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The U.S. dollar recovered from early lows and had some bright moments up in positive territory on Tuesday as prospects of a sharp cut in interest rates in July faded after St. Louis Fed President James Bullard dismissed call for half-point cut.

The dollar gained against most of the major currencies as well, but gains were limited as traders continued to bet on an interest rate cut sometime in the foreseeable future.

The dollar index, which rose to 96.36, pared gains subsequently and was last seen hovering around 96.15, up 0.18% from previous close.

Against the euro, the dollar was up more than 0.2% at 1.1374, after having strengthened to 1.1345 at one stage.

The pound sterling was down 0.4% at 1.2690, falling from a high of 1.2782.

The Japanese yen strengthened to 107.16, gaining 0.13%. The yen moved between 106.78 a dollar and 107.41 a dollar in today's session.

The dollar was down 0.13% against the loonie at 1.3163, while it gained about 0.4% against Swiss franc at 0.9758.

Federal Reserve Chairman Jerome Powell reiterated that the central bank will "act as appropriate" to sustain the U.S. economic expansion.

Powell acknowledged that crosscurrents have reemerged since the Fed's May meeting but did not appear to signal the imminent interest rate cut currently being priced in by the markets.

The Fed Chief specifically cited apparent progress on trade turning to greater uncertainty and incoming data raising renewed concerns about the strength of the global economy.

Powell said the baseline outlook for the economy remains favorable but noted that the risks to the outlook appear to have grown.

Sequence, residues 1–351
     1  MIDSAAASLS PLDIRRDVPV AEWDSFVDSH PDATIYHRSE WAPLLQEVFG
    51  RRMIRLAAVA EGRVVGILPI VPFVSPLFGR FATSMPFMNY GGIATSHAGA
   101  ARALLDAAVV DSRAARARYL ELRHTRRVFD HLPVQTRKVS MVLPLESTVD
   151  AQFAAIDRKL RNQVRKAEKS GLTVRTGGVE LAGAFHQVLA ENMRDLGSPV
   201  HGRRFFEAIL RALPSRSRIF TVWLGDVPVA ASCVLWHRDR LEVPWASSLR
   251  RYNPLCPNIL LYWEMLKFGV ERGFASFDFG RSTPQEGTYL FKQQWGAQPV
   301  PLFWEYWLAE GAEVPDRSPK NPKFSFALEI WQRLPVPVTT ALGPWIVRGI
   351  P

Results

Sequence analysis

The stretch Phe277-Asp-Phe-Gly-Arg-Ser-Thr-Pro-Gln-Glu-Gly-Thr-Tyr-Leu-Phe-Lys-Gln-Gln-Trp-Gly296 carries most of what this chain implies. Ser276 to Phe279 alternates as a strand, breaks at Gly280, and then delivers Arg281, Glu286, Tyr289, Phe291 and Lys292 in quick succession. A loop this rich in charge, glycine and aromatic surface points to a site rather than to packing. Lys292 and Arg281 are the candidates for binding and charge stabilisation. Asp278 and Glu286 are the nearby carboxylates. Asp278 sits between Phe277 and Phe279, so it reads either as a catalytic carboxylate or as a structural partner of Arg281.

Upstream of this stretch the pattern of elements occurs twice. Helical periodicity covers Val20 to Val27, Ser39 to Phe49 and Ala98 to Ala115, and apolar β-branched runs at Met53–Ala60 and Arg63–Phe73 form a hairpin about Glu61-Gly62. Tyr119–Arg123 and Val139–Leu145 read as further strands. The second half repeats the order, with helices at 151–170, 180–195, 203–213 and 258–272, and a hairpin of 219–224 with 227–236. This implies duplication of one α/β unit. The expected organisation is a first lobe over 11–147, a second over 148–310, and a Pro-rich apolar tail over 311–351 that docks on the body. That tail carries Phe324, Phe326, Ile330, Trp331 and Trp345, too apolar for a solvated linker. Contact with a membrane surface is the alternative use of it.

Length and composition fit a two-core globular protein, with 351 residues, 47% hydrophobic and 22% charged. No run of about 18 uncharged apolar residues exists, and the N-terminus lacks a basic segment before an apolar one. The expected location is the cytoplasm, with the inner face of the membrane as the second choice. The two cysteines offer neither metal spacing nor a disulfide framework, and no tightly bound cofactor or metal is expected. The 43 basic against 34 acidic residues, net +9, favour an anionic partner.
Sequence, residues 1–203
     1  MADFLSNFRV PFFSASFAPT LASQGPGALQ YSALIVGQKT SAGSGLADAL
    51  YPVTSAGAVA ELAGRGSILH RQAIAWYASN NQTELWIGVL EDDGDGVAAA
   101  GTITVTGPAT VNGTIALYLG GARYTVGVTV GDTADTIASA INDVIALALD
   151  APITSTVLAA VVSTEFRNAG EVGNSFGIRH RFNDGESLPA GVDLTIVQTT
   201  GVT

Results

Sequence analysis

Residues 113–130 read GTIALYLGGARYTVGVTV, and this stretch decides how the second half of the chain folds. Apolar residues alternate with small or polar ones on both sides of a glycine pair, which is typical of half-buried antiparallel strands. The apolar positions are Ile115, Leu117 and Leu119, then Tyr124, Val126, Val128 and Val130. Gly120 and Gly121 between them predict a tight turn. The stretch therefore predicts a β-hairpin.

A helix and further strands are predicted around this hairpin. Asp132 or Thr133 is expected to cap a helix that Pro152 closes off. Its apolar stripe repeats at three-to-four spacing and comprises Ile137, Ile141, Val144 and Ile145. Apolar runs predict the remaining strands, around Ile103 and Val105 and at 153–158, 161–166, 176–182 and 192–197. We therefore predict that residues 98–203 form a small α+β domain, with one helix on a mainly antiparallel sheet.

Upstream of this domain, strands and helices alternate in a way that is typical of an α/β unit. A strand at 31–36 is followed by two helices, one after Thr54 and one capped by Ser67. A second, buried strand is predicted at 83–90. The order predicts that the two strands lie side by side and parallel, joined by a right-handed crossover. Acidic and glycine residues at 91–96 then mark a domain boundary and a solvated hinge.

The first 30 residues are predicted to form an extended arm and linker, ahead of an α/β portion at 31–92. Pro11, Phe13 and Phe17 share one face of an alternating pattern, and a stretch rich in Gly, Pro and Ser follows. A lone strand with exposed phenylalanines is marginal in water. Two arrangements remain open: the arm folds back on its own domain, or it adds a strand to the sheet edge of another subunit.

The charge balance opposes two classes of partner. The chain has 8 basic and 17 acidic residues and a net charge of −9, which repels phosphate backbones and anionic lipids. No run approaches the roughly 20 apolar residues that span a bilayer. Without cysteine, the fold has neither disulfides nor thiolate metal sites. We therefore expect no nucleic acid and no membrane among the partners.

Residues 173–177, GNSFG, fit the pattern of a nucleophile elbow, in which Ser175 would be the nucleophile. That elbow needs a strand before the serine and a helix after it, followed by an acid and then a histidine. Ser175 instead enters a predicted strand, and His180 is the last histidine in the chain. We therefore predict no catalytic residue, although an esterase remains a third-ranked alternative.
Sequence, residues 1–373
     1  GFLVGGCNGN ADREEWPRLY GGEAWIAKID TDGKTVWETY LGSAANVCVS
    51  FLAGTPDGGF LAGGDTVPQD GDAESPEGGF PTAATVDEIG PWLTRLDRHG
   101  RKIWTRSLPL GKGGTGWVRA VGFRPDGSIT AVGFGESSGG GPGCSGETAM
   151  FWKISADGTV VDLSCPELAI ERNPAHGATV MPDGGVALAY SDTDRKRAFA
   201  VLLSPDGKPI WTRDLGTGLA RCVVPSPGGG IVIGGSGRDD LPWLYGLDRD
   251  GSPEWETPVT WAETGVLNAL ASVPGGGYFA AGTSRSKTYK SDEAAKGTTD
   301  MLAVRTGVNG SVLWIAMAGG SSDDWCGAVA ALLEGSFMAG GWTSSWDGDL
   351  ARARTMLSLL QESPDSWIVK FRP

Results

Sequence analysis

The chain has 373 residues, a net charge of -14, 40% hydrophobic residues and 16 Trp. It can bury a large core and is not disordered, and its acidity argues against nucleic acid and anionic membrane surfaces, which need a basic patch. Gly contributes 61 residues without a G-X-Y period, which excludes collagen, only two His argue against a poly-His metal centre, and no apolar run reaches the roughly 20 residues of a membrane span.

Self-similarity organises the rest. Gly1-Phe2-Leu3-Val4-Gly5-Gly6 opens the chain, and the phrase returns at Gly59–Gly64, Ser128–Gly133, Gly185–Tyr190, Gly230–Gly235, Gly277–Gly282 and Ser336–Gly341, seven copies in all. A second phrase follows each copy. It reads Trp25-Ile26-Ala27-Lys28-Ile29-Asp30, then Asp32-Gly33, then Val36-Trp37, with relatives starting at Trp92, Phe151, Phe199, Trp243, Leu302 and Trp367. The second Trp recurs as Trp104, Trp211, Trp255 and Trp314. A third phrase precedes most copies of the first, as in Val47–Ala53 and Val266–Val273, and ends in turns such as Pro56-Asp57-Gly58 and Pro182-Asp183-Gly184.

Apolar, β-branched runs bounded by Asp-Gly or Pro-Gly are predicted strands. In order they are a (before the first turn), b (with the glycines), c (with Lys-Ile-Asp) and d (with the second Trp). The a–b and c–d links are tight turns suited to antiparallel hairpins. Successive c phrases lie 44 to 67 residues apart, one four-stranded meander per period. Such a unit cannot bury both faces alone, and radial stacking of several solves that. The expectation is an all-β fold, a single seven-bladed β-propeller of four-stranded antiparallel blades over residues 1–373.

Powell also stressed the importance of the Fed's independence, warning of the "damage that often arises when policy bends to short-term political interests."

President Donald Trump has repeatedly criticized Powell and the Fed, accusing the central bank of stifling the economy by keeping interest rates too high.

In economic news today, a report from the Conference Board showed a substantial deterioration in U.S. consumer confidence in the month of June.

The Conference Board's consumer confidence index tumbled to 121.5 in June from a downwardly revised 131.3 in May. Economists had expected the index to dip to 132.0 from the 134.1 originally reported for the previous month. This is the lowest level since the index hit 120.6 in September 2017.

A separate report from the Commerce Department also unexpectedly showed a steep drop in new home sales in the U.S. in the month of May.

The Commerce Department said new home sales plunged by 7.8% to an annual rate of 626,000 in May after tumbling by 3.7% to a revised rate of 679,000 in April.

Economists had expected new home sales to climb by 1% to a rate of 680,000 from the 673,000 originally reported for the previous month.